Many of the dance pages I follow on Facebook have been going on about the World Ballet Day this week. Yesterday morning, the excited posts reached peak hype intensity, so I decided to google World Ballet Day and see what all the fuss was about.
Fortunately, I had just run out of work to do, because I spent the next eight hours drifting in and out of the fascinating live stream. In case you missed it, the World Ballet Day is a day where five of the world’s leading ballet companies live stream their classes and rehearsals to give viewers a unique view behind the scenes. The entire live stream goes on for 22 hours, so I hope no one was trying to marathon that. There’s a video archive on their site, too. The trailer for 2017 might give you an idea what this is all about:
Time zones being what they are, I jumped in at the very start of the Bolshoi part and watched some of the Royal Ballet in the afternoon. I was surprised to discover that the part I most enjoyed watching was not rehearsals but the company class and the kid’s classes.
The company class at the Bolshoi was quite the revelation. I was not aware of this, but morning class at a ballet company is not exactly the place to learn things but rather the dancers’ warm-up for the rehearsals to come. Unlike the kids enrolled in the ballet school, the company dancers don’t wear uniforms to class. All classes and rehearsals are accompanied by live piano music, which is wonderful.
My mother told me about an article in which the author described Bolshoi dancers all but crawling into the studio in the morning, complaining of aches and pains everywhere, but then going on to dance beautifully. This is to be expected if you push your body to the limit all day, every day. But it’s a different thing entirely to see and hear it from the dancers themselves.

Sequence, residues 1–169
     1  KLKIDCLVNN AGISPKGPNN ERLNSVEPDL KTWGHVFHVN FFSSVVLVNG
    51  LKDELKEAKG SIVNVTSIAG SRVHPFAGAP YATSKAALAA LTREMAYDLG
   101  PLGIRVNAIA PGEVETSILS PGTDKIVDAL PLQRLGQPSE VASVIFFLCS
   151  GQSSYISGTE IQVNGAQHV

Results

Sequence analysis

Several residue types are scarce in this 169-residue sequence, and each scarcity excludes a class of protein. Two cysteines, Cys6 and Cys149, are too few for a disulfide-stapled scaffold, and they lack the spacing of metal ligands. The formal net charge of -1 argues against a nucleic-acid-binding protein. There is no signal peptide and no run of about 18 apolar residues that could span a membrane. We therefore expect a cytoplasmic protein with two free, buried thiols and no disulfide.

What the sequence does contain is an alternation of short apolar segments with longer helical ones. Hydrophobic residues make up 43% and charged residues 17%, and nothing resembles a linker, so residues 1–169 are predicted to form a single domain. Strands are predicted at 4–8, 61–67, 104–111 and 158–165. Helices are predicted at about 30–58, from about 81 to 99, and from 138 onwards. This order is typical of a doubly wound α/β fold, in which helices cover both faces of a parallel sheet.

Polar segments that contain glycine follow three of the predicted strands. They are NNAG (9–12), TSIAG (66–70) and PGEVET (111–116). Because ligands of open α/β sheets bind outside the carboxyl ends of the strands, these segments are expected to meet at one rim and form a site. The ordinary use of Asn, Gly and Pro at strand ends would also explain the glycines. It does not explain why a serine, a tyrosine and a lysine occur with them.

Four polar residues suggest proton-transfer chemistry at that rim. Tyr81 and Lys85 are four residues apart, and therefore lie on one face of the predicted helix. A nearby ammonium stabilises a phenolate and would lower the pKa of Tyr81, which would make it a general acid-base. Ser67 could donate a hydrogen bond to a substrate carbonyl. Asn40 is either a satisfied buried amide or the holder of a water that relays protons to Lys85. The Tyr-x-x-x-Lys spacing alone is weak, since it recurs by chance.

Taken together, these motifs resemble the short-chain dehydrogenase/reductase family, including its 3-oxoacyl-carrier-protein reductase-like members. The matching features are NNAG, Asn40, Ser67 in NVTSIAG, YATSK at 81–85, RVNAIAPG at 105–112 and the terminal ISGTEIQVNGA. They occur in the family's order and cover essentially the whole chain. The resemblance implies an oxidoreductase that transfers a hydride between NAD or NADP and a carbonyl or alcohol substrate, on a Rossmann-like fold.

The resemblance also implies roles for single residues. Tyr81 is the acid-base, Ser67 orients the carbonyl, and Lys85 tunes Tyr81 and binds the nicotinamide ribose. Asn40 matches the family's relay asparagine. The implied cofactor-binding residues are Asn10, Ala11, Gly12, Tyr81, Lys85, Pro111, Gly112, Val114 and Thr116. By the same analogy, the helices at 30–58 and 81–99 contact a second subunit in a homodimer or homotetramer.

The company class at the Bolshoi was taught by a wonderful ballet master, Boris Borissovitch Akimov, a former dancer and director of the Bolshoi. His teaching style was very sweet and he praised his dancers after every combination. It was also quite impressive to see a man only a year younger than my grandfather lift his legs higher than I ever have.
From an adult beginner’s perspective, company dancers are pretty much gods. Therefore, I was surprised that many of the corrections they got were the same ones we get in the beginners’ class. It’s just that the professionals are off their mark by millimeters, not miles like us. I certainly couldn’t see most of the mistakes the ballet master was pointing out.
The Royal Ballet’s company class was very similar. It was taught by another senior ballet authority, Olga Evreinoff. She was also very, very sweet, but did give lots of targeted corrections to her charges. Very impressive with both ballet masters was the fact that they can remember every dancer’s name and that they change up the exercises every day. Equally impressive was the dancer’s ability to do a combination perfectly (although not always) after a minimal demonstration and a very fast verbal instruction.
I was especially awed by men’s technique. Both teachers would give slightly different allegro variations for male and female dancers and, especially with Olga, I felt like the men got to suffer a lot more. I mean, how is a tour en l’air even physically possible?!
All in all, it was a very educational and fascinating event with lots of impressions. I also loved watching the kids’ classes, from the really tiny ones at the Bolshoi to the girls just starting en pointe at the Royal Ballet. It’s amazing how much hard work goes into a dancer’s career. The rehearsals at both companies showed just how much that work pays off!
Did you watch World Ballet Day? Which part did you enjoy the most? What were your impressions?